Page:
British Columbia

B.C. government launches review of ICBC rates

The B.C. government has launched a review of ICBC's basic insurance rates that it says will ensure future increases are in line with inflation. Transportation Minister Todd Stone has asked ICBC's board to commission a comprehensive independent third-party review that would examine a range of options.

ICBC basic insurance rates have gone up more than 30 per cent since Christy Clark became premier

Transportation Minister Todd Stone announced changes to insurance for luxury vehicles in front of a damaged Ferrari on November 23, 2016. (CBC News)

The B.C. government has launched a review of ICBC's basic insurance rates that it says will ensure future increases are in line with inflation.

Transportation Minister Todd Stone has asked ICBC's board to commission an independent third-party review that would look at multiple options for keeping rates down. 

"This is about fairness and sustainability. It is also the job of government to ensure that ICBC remains a financially viable organization," said Stone. "We are not looking for short-term solutions. That would only set us up to pay more down the road."

Rates up more than 30 per cent over 6 years

The province has asked the British Columbia Utilities Commission to approve a basic rate increase of a maximum of 4.9 per cent or less by Jan. 16, 2017 for next year, a rate increase originally announced in August. 

Skyrocketing claims, increases in cases of insurance fraud and more injury claims have led the public insurer to project a worst-case scenario rate increase of 42 per cent by 2020. The provincial government has been facing criticism over basic insurances rates that have gone up more than 30 per cent since Premier Christy Clark took office.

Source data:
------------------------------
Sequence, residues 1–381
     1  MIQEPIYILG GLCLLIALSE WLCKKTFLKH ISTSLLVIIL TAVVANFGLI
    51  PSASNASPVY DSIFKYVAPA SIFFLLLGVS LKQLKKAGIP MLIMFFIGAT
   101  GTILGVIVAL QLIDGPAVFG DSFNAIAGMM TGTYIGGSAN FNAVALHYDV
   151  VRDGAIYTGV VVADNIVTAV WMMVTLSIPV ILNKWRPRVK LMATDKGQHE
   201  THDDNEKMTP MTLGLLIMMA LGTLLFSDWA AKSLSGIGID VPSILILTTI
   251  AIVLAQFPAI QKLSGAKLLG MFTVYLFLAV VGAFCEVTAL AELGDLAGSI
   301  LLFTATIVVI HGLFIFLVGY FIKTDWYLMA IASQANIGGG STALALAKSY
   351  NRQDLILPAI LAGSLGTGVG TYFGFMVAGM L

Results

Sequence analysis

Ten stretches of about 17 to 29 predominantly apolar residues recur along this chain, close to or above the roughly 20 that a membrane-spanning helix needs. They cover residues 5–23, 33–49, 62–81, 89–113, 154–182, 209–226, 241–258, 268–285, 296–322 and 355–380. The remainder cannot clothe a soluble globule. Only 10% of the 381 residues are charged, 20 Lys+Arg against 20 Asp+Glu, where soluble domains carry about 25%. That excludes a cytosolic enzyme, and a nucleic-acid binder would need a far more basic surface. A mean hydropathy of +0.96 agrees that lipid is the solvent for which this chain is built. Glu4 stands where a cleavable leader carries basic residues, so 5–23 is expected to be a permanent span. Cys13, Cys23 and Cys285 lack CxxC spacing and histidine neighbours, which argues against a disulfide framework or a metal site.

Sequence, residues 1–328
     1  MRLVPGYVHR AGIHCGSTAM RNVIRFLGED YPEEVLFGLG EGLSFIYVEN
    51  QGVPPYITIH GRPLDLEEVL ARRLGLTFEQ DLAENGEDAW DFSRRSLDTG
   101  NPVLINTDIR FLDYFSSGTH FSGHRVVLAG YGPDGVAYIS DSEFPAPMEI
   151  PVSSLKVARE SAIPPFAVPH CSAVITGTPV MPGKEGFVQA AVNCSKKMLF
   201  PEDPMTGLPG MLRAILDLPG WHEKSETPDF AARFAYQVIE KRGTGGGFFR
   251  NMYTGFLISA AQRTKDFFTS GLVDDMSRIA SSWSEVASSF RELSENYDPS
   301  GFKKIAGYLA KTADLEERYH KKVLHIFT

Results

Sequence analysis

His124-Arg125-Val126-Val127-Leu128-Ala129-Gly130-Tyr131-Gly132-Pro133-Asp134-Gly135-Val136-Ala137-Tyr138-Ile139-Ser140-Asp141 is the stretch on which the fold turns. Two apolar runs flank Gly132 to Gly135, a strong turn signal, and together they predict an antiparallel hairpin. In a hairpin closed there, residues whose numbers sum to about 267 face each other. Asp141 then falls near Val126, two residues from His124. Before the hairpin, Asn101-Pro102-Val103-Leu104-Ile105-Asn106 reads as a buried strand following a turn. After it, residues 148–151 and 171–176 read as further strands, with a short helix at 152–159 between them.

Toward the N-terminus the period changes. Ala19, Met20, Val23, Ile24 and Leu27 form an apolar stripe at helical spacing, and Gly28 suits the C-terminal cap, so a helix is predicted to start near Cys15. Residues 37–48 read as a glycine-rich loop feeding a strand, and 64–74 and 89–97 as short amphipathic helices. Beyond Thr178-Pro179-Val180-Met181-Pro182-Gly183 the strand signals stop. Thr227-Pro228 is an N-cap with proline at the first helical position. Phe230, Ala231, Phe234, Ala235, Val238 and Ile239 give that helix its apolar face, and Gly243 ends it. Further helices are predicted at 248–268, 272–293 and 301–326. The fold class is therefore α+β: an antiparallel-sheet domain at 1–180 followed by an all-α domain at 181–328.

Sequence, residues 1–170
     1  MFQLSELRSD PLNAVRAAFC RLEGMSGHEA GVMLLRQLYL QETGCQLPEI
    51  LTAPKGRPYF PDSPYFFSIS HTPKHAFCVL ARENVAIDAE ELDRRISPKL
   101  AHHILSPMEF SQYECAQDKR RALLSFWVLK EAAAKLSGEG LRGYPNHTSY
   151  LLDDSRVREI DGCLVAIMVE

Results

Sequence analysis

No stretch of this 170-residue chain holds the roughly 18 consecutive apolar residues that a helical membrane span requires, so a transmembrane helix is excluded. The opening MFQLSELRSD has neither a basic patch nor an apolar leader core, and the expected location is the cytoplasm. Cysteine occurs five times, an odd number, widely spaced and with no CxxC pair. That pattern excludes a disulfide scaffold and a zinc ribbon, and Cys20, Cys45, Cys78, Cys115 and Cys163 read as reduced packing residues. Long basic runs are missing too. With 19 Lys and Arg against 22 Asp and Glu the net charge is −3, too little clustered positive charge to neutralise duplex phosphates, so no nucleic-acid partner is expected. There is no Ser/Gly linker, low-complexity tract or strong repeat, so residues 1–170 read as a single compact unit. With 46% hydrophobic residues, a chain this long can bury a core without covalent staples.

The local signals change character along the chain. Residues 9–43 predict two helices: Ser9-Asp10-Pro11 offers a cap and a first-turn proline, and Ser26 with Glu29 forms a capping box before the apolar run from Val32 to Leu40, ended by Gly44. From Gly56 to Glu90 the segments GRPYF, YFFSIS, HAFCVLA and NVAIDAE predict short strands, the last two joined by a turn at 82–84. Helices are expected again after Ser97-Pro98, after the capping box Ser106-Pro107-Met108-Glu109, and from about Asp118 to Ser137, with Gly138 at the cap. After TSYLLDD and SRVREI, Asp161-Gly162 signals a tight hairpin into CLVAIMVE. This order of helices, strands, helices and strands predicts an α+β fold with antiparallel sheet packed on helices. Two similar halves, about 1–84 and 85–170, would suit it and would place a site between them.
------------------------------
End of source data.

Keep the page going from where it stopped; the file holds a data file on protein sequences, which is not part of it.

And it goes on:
One of the challenges facing the province is that between mid- 2015 to mid-2016, the number of vehicle damage claims increased by 11 per cent and the number of injury claims increased by 14 per cent. The province is also struggling to get a grip on injury claims that have gone up 60 per cent between 2008 and 2015.

The review is expected to be completed after the provincial election but before the rate is set for 2017-18. The province also conducted a review in 2012. 

"The review that we are announcing here today is quite different than any review that has been done at ICBC.  Previous review have looked at governance and claims management practices," said Stone. "This review will look at the entire spectrum of ICBC's operation."

"This is really going to be a soup to nuts review of ICBC, the broad spectrum of what ICBC does and how it does it."

NDP blames Liberal policies for rate increases

What Stone says is off the table is the privatization of the public insurer. 

NDP ICBC critic Adrian Dix says this is clearly a pre-election ploy by a government that has failed to keep increases at inflation levels. Dix said the B.C. Utilities Commission is in the midst of conducting a review and the independent commission should be allowed to do its work without another review looming. 

"This is awful," said Dix. "Most of the causes of their problems have gotten worse since their last review in 2012. The Liberal party acted on the review and things have gotten worse because of Liberal policy."

"They laid off front-line staff, so unpaid claims have gone up exponentially. The decision has cost them and ratepayers tons of money."